Kid-free week

Right now my kids are a couple days into their visit with their dad. He doesn’t live close by, so their visits are mostly dedicated to longer weekends or vacation times. This means they don’t get to see him very much. Luckily, social alternatives like cell phones and Facebook have allowed for a constant communication between them. The other result of such few and far between visits is that I get pretty used to them being around. So when they aren’t, the house is pretty empty.

This time around, it’s a little different. It used to feel ultra lonely when they’d leave for their dad’s house and I was stuck in an empty apartment. There is only so much cleaning and straightening that can be done. And the quiet that was once so coveted starts to feel louder than the noise. Even taking advantage of being kid-free by going out still meant I was coming home to an empty house. This time, however, I’m not alone – Mr. W and his son are still around while my kids visit the other half of their life. But even with the added company, it’s hard to know what to do with myself when my whole identity is wrapped up in being a mother.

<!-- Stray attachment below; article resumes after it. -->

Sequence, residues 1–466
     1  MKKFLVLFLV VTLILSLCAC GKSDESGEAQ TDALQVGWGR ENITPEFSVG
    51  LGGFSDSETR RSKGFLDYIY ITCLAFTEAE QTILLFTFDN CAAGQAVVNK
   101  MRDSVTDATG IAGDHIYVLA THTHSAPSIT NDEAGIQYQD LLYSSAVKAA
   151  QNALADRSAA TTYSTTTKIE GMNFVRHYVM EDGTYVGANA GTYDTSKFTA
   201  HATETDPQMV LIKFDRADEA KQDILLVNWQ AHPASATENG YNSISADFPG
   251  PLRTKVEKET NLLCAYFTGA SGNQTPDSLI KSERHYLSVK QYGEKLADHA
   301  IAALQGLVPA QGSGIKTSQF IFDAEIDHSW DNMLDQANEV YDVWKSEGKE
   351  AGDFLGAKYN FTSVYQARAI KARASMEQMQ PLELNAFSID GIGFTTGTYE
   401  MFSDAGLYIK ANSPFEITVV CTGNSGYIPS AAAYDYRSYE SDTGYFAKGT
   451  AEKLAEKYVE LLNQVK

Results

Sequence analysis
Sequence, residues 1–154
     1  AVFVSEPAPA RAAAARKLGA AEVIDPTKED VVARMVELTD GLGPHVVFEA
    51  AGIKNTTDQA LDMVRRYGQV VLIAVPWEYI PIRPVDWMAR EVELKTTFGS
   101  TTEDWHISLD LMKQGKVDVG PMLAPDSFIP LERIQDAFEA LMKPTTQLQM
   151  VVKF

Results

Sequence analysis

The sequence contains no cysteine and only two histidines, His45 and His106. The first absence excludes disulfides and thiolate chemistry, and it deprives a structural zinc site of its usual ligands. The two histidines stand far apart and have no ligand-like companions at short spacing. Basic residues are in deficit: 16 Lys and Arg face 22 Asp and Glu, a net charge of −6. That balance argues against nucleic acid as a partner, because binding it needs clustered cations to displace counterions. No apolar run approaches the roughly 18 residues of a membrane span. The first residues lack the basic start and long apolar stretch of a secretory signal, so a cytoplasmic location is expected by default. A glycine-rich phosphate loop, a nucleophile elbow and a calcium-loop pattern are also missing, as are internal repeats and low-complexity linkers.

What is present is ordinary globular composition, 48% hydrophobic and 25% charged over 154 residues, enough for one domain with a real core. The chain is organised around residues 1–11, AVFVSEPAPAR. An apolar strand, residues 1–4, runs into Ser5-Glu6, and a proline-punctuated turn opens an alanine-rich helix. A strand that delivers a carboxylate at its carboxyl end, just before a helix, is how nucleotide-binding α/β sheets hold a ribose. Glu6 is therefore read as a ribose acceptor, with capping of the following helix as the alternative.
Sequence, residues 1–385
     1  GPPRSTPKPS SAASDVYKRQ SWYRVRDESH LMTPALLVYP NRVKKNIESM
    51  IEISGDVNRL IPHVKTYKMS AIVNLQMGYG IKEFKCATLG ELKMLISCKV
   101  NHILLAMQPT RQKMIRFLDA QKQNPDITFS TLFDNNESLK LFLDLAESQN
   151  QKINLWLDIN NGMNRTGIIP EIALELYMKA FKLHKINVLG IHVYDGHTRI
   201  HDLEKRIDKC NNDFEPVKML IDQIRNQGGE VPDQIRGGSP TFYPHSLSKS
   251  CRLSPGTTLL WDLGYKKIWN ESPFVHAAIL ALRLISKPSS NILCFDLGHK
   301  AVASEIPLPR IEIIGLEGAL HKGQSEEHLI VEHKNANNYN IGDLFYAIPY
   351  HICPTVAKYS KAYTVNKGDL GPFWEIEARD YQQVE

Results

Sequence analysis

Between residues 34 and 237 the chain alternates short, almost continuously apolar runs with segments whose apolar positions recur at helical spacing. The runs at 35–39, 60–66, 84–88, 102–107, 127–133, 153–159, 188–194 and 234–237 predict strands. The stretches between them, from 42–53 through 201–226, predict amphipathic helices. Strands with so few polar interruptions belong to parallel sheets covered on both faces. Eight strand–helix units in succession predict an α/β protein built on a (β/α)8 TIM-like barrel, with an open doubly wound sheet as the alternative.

Oh, don’t get me wrong. I have definitely taken advantage of the reprieve from parenthood so far. I’m not even going to pretend that I’ve been moping around the house, because I haven’t. Even though my kids are older and don’t require a ton of assistance in whatever they are up to, I’ve found a ton more time on my hands to do things like read a book, relax in the sun, and even enjoyed a visit to Francis Ford Coppola’s pool in Geyserville (seriously a must for all you families!) without having to keep an eye on the kids to ensure they weren’t drowning or bugging anyone around them. A delicious Mai Tai even made it to my hand, thus enhancing my relaxed state. 🙂 

Before the kids left I made it a point to spend an even better amount of quality time with them. The night before their departure, I dyed their hair the awful red color they had been begging me to ruin their do’s with (see photo). Actually, I kind of like it – if I can just perfect the application process. The day they were to leave I did every single bit of their laundry, including all the towels that had been dyed red. I had been up all night with stomach yuckiness – no doubt a result of nerves over my kids being gone for so long – and I hung out on the couch with my daughter as we folded laundry and watched chick flicks. And before we made the long drive to their grandfather (who would transport them the rest of the way), I bought us all smoothies at Juice Shack, which we happily slurped the whole way there.